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Catch up on coronavirus stories and special reports, curated by Mike Allen everyday

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Data: The Center for Systems Science and Engineering at Johns Hopkins; Chart: Axios Visuals

The coronavirus is here and will complicate life for millions of Americans — but there are signs from Asia that it can get better if we're willing to take that pain now.

The big picture: Coronavirus is stifled by early and aggressive action — and no matter how well-intentioned, half-measures only seem to make things worse.

The magic formula from South Korea, Hong Kong and Singapore:

  1. Social distancing on a massive scale, quarantining infected areas, canceling big events and closing schools and offices to slow down the spread.
  2. Intensive testing for all who want it, and surveillance and monitoring of the infected to try to limit outbreaks.
  3. Emergency efforts to ensure people don't avoid care over cost concerns, because everyone is at greater risk of infection if the uninsured and underinsured avoid treatment.

Between the lines: The U.S. response thus far has been a series of half-measures, with predicable results.

  1. Schools and companies have closed after cases pop up, rather than ahead of them. But the closings are beginning to accelerate.
  2. The entire country faces a massive testing shortage, lagging dramatically behind its peers.
  3. Governments have begun to use their muscle, with New York Gov. Andrew Cuomo dispatching the National Guard to help shut down facilities in the area of the state's main outbreak. Multiple states are beginning to declare states of emergencies.

The bottom line: The U.S. is not doing enough to prevent this thing from getting worse, and every day it delays will make it that much harder.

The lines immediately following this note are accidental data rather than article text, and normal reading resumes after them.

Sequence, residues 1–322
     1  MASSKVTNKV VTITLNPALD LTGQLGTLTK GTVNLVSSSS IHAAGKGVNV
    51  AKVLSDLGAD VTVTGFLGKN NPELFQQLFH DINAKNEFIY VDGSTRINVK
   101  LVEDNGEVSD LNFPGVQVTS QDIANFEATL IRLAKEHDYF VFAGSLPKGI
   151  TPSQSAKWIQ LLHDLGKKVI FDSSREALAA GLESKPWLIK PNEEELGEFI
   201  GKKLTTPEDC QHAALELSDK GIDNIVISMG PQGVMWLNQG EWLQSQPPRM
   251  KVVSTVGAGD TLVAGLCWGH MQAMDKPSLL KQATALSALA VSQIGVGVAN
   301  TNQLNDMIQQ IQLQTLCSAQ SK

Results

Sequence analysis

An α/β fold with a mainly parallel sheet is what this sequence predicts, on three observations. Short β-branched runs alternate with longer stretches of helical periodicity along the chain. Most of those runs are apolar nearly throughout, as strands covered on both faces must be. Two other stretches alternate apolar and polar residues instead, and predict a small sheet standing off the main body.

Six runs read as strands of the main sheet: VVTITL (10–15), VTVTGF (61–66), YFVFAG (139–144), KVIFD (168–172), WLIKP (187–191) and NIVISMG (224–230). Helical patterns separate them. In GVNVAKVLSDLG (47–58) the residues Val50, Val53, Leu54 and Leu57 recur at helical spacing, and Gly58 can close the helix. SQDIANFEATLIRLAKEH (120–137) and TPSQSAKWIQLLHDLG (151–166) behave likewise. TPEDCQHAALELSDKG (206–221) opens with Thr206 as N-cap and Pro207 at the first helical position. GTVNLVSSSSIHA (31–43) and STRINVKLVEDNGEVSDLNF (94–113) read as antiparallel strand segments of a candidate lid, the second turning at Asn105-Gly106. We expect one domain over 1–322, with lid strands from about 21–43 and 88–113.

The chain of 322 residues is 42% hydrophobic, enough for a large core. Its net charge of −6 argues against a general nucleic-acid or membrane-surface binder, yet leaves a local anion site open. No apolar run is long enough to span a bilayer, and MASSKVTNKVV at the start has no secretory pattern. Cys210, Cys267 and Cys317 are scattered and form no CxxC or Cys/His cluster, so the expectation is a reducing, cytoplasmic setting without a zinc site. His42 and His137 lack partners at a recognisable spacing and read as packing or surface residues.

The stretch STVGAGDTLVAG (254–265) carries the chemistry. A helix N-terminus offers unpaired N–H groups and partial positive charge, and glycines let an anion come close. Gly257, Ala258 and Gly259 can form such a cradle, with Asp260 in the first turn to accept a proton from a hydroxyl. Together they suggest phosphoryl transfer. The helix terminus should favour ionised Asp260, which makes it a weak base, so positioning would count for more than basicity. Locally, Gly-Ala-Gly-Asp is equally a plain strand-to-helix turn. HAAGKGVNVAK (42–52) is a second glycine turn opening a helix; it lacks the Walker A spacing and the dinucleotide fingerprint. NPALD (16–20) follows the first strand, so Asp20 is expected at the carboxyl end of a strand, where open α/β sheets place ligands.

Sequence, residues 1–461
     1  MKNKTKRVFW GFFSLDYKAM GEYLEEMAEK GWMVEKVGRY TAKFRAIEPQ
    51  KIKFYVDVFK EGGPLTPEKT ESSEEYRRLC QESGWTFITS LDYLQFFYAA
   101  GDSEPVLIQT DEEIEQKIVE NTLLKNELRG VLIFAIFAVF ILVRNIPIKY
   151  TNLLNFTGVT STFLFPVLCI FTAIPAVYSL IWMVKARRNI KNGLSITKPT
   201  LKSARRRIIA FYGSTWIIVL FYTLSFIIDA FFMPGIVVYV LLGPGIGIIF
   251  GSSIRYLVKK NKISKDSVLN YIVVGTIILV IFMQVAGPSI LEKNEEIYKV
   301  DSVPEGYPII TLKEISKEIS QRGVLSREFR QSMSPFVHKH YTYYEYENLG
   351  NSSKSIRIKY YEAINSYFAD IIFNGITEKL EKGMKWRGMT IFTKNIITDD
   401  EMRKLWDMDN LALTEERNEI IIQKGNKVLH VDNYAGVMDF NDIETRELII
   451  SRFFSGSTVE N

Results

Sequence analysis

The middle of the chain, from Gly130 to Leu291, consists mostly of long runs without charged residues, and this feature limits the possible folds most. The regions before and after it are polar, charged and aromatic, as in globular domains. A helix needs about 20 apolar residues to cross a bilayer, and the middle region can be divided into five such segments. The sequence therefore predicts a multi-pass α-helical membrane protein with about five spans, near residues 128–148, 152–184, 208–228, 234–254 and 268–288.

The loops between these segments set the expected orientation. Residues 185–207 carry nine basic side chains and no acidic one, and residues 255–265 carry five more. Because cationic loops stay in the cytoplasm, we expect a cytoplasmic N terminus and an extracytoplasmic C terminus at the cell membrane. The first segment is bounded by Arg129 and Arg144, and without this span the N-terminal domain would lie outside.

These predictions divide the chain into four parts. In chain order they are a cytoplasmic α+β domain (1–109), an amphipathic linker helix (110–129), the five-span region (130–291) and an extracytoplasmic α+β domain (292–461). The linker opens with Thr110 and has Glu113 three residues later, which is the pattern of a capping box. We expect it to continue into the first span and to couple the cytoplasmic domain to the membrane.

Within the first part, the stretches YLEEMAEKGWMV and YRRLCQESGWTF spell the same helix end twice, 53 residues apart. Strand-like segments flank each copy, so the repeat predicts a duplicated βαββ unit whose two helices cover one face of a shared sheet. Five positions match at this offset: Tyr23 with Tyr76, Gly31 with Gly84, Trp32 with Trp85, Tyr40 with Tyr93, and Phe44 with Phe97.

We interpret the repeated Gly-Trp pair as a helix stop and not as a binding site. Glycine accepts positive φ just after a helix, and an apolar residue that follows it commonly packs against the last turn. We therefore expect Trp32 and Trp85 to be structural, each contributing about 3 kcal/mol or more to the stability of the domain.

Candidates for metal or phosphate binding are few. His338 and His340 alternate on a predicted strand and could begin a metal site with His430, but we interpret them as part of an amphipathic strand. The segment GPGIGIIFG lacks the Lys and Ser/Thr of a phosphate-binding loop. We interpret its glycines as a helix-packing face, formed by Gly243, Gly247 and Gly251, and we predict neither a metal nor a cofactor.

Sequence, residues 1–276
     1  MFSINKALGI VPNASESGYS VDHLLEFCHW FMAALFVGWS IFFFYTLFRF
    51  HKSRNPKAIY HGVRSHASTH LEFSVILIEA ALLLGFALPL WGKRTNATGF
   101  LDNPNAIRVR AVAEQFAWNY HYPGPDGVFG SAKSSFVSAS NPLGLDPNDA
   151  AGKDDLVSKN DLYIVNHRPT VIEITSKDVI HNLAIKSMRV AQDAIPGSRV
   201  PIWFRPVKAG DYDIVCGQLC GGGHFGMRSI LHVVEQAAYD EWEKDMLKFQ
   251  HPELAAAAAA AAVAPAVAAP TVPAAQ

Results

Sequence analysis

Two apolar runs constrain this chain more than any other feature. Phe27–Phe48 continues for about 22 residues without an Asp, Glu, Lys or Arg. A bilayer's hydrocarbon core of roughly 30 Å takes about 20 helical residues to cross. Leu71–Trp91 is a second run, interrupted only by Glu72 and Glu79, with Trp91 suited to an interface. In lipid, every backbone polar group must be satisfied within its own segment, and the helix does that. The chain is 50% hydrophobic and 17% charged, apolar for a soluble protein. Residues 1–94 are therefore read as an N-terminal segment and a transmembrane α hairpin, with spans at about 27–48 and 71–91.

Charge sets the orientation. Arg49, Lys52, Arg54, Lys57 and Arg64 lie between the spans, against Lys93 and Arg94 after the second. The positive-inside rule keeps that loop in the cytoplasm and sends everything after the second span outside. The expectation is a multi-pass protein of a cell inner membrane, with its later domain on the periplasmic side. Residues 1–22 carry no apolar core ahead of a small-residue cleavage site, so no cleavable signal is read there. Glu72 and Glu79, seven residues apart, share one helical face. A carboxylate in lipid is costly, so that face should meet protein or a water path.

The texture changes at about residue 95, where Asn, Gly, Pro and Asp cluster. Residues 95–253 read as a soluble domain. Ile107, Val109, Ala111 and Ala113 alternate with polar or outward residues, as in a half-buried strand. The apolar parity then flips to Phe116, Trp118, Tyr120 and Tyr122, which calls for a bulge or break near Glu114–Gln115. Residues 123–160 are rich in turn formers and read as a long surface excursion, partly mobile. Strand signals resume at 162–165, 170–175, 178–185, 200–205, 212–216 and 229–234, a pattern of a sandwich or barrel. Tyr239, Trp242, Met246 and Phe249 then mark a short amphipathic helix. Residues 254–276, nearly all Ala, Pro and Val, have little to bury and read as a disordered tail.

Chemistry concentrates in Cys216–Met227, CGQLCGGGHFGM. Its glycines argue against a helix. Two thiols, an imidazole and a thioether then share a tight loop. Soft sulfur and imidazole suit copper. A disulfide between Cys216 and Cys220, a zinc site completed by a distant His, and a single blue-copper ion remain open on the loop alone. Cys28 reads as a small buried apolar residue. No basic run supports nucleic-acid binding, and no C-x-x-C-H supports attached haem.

• President Trump seems focused on preventing a coronavirus recession, but no amount of monetary policy or stimulus will compensate for a public health response that's equal to this virus.

Go deeper:

Editor's note: The chart above has been corrected. It originally showed the total number of U.S. cases, rather than the new cases each day.

Go deeper

Airlines call for Biden admin's "immediate intervention" in 5G deployment

Photo: Tayfun Coskun/Anadolu Agency via Getty Images

The CEOs of leading U.S. air cargo and passenger carriers on Monday warned the Biden administration there could be "catastrophic disruption" after AT&T and Verizon deploy a new 5G service this week.

Driving the news: They said in a letter to Transportation Secretary Pete Buttigieg and other top federal officials ahead of the C-Band 5G service's deployment Wednesday that "the nation's commerce will grind to a halt" and "could potentially strand tens of thousands of Americans overseas."

Updated 3 hours ago - Energy & Environment

Thousands without power as "hazardous" winter storm lashes East Coast

Satellite imagery of the Northeastern U.S. taken by NOAA on Jan. 17. Photo: NOAA

A major winter storm lashed much of the East Coast Sunday and Monday, causing widespread power outages and disrupting travel over the holiday weekend.

The latest: Authorities in North Carolina confirmed that two people died in a car crash and that they responded 600 vehicle accidents during the storm on Sunday, per the Washington Post.

5 hours ago - Health

CDC director says COVID-19 messaging should have been clearer

Rochelle Walensky. Photo: Stefani Reynolds-Pool/Getty Images

Rochelle Walensky, director of the Centers for Disease Control and Prevention, said in an interview with the Wall Street Journal that the messaging around the COVID-19 pandemic and changing guidance should have been clearer.

State of play: Walensky is being coached by media experts and is planning to have more press briefings by herself in order to ensure that CDC is seen as an independent, scientific entity, rather than as a political one, the Journal reports.

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